SISNEROS: Yeah, and I talked to a lot of men that are wise, that know history far more than I do, know the Bible far more than I do, that are much more advanced in years. And, you know, really, they all came to different conclusions. So I realize that any avenue I took could be right. Some said, you can't vote for Trump on the basis that you're representing the people, and the people have a voice to be heard. And so there was a moral argument to be made for that. There was a moral argument to be made for going faithless, but...

INSKEEP: Faithless elector, meaning you wouldn't go the way the popular vote in Texas had gone.

SISNEROS: That's right. I would vote my conscience, but in specific, my vote would be different than the popular vote of the state.

INSKEEP: Or you could quit.

SISNEROS: Or I could quit. So I wrestled with all of those and finally landed on voting for him would violate my conscience. But at the same time, I was elected on the basis of a pledge that I would support the nominee. So it's probably the best route if I resign.

INSKEEP: Somebody listening is surely saying, well, you could have voted against Donald Trump. But instead, you're resigning and being replaced by somebody who will cast the very same vote that you think is wrong.

SISNEROS: Correct.

INSKEEP: What do you say to them?

SISNEROS: Yeah. Even in casting my vote opposed to Donald Trump, that was never going to change the results of the election. Donald Trump is going to be president. So this is purely somebody standing on their principles and their conscience.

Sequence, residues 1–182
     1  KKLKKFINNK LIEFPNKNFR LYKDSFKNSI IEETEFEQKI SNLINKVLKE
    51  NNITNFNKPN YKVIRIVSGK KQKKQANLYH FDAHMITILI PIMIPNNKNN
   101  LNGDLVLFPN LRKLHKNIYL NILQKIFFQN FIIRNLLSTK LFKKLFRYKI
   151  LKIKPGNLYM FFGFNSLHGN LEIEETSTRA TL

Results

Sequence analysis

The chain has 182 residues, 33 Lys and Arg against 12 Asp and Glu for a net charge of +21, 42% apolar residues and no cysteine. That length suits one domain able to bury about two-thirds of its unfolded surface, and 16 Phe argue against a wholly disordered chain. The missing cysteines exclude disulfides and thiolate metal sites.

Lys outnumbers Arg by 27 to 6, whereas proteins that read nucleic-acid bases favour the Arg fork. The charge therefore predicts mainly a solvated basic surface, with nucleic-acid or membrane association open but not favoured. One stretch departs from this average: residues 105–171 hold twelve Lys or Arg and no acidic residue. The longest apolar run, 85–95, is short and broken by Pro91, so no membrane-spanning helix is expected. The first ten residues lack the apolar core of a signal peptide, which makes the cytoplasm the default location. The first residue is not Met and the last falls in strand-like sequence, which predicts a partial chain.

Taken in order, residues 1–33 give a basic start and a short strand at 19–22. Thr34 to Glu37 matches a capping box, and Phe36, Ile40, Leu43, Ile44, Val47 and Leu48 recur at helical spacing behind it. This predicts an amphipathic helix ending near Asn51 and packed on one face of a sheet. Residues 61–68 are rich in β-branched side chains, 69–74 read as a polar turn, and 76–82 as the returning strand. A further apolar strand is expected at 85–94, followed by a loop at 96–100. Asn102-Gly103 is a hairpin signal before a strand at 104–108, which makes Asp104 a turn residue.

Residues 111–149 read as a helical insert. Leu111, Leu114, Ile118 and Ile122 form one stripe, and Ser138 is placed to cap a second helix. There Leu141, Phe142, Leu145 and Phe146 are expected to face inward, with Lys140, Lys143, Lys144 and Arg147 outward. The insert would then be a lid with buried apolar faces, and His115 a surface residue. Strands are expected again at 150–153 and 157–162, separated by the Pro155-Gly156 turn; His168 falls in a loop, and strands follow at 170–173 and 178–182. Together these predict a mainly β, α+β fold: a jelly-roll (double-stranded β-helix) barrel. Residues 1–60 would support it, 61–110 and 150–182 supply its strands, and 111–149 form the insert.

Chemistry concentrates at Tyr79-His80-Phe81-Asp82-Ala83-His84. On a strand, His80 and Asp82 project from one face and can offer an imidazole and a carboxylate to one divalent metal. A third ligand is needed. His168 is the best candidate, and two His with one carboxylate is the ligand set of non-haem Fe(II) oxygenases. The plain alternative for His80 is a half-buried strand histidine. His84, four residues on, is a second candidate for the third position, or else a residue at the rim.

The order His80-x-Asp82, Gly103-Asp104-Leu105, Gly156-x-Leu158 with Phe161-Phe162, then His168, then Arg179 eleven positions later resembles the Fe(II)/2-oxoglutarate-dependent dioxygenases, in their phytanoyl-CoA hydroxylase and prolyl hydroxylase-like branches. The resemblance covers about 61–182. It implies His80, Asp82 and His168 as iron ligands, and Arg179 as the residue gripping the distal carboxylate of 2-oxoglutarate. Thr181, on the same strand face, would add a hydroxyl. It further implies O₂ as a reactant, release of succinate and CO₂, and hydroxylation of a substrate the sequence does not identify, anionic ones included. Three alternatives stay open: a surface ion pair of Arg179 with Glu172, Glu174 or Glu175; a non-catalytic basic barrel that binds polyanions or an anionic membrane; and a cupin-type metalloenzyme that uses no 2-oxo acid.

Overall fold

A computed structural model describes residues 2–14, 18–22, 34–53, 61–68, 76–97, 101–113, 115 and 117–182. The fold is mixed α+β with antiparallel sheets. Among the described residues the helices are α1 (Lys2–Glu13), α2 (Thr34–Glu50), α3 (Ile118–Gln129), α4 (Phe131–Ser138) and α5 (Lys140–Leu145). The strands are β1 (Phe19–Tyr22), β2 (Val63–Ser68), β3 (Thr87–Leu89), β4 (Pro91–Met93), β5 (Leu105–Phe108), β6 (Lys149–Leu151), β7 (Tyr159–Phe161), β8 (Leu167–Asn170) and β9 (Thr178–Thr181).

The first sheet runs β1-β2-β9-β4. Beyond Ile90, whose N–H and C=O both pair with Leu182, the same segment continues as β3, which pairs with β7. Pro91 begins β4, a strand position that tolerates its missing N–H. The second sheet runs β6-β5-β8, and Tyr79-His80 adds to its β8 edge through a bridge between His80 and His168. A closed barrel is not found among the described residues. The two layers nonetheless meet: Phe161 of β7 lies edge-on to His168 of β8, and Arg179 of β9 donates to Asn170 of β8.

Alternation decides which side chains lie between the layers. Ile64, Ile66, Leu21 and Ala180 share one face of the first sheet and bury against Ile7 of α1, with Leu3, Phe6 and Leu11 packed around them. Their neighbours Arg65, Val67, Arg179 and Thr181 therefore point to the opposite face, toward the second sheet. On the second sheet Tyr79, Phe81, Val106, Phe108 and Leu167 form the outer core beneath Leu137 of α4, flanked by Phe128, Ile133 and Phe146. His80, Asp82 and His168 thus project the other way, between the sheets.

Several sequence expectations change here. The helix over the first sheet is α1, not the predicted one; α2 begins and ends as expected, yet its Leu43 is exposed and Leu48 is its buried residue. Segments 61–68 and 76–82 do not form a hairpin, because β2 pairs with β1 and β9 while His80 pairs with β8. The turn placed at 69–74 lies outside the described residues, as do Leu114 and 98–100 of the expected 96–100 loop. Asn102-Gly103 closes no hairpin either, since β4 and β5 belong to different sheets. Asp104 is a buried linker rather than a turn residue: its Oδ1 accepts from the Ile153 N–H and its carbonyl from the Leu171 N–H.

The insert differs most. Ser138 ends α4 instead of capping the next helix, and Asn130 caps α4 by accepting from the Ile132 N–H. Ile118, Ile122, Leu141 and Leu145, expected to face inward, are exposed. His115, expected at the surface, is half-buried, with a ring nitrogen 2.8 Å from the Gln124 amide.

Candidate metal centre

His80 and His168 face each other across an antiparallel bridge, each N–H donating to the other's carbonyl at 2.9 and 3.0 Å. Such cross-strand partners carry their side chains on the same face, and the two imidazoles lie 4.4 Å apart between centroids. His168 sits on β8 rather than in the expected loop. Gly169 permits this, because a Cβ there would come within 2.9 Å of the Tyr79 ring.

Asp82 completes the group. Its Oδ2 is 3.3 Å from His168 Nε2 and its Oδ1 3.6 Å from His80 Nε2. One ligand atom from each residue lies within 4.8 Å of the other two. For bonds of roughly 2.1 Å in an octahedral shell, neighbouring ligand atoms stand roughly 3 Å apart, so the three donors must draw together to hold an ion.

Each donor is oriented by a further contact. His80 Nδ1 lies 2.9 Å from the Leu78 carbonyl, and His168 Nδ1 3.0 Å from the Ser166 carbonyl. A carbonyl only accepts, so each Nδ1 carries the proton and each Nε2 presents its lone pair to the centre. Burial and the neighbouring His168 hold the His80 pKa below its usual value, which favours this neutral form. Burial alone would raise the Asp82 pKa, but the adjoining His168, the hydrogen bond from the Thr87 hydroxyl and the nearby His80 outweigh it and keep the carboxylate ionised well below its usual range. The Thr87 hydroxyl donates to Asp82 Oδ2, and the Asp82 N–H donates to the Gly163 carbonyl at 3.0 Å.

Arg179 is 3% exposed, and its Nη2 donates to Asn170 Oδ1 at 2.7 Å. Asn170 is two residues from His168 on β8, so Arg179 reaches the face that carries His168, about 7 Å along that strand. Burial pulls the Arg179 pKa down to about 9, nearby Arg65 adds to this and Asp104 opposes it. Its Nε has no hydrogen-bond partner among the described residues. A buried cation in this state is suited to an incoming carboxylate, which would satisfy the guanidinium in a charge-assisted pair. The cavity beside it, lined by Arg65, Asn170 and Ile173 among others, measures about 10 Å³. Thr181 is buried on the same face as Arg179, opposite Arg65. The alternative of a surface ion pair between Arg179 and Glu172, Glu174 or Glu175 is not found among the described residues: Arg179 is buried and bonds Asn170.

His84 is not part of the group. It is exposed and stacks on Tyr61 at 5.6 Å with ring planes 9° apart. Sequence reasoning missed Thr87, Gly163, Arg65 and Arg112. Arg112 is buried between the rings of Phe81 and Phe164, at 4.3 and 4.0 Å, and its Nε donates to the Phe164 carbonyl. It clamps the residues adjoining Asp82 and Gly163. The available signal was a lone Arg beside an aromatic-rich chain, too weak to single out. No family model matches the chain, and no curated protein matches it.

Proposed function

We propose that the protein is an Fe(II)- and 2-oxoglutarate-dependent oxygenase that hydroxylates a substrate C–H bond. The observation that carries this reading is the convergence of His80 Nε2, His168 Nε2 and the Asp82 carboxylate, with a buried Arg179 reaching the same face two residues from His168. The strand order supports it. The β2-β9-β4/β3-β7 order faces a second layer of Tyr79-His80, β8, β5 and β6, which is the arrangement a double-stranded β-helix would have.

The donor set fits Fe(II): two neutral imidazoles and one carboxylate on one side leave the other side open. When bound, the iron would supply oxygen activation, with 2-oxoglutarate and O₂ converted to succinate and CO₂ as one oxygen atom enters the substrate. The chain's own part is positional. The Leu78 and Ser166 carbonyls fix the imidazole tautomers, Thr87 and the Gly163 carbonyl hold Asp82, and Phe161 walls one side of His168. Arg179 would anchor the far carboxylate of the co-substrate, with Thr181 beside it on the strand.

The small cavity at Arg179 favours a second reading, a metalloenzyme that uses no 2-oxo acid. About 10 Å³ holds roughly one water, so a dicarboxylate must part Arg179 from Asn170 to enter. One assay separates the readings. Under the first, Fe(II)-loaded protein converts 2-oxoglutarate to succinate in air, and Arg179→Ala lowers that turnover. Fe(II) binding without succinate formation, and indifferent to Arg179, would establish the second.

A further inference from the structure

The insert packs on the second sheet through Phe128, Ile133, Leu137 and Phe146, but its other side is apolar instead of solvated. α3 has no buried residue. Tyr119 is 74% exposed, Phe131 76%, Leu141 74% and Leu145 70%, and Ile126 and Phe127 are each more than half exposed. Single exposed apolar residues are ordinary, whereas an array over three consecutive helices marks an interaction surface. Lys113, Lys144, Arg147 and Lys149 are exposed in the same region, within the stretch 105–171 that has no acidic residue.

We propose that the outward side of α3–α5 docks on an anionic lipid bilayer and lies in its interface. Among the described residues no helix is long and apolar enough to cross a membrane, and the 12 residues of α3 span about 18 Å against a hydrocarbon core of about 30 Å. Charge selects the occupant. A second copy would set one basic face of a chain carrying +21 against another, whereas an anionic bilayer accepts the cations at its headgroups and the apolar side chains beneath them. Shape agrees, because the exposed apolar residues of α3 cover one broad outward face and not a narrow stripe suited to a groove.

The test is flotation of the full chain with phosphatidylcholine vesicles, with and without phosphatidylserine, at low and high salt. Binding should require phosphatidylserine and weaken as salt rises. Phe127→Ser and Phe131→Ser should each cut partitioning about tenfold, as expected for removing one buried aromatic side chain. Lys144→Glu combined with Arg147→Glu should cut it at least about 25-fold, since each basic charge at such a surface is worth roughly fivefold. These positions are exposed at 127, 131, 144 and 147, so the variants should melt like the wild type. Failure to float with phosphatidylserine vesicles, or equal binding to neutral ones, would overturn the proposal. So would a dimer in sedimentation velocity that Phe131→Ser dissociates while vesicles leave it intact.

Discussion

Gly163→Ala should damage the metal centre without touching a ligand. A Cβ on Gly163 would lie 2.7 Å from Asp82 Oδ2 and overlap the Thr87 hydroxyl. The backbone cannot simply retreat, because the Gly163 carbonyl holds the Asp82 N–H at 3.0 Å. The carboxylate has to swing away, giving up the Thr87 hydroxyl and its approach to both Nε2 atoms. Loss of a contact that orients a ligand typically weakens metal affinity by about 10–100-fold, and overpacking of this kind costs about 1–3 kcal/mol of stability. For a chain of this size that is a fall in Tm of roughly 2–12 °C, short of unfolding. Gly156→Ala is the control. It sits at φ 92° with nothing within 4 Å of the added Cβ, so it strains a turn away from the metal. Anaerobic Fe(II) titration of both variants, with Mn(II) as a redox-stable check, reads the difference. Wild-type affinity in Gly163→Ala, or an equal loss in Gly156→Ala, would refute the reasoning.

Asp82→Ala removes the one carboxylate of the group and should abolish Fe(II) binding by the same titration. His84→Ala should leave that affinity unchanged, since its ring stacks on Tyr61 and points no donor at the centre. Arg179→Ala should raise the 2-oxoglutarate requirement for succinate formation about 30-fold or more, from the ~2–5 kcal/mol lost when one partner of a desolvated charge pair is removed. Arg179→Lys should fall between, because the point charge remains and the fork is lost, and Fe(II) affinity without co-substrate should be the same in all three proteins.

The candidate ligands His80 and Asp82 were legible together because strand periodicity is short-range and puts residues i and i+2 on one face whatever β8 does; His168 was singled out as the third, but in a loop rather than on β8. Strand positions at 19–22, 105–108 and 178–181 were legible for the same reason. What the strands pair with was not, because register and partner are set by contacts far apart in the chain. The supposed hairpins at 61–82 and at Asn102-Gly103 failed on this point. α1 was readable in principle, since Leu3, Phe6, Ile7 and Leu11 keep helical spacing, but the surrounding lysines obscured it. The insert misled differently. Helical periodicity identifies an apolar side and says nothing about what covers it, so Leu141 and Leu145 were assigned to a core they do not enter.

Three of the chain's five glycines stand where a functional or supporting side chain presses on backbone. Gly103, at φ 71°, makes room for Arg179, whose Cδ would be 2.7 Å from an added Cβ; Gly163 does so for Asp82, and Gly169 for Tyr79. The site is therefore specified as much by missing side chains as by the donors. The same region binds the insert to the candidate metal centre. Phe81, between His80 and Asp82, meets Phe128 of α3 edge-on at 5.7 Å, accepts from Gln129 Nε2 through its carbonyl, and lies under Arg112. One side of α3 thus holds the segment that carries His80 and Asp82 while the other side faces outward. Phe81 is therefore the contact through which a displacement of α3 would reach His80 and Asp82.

INSKEEP: What kind of response have you received since announcing this resignation?

SISNEROS: It's been all over the board. I've received death threats and all kinds of ugliness. I've received it from both sides of the political spectrum. People have been, you know, threatening my family and all sort of stuff. Some of the people, you know, are so upset they're - I'm going to find you. I'm going to hunt you down like the pig you are. And I'm going to take care of you like I do my other vermin on my land - and just all kinds of really, really ugly threats.

INSKEEP: Since you told us some of the ugliest things you've heard, what's one of the kindest things you've heard?

SISNEROS: I have heard people from both sides say, thank you for giving me hope. I'd lost hope that people firmly believed in something and were willing to stand on it, whatever the cost.

I've heard other people tell me that they despised Christianity and my faith 'cause they've seen people claim to believe these things and then act in contradiction. And they said, you know, I didn't think that people actually believed it in such a way that they acted upon it. But you've given me hope that some people do, and they appreciate that.

INSKEEP: Well, Art Sisneros, thanks for sharing your story with us.

SISNEROS: Great talking with you.

INSKEEP: He's a Texas elector who's resigning rather than vote for President-elect Trump.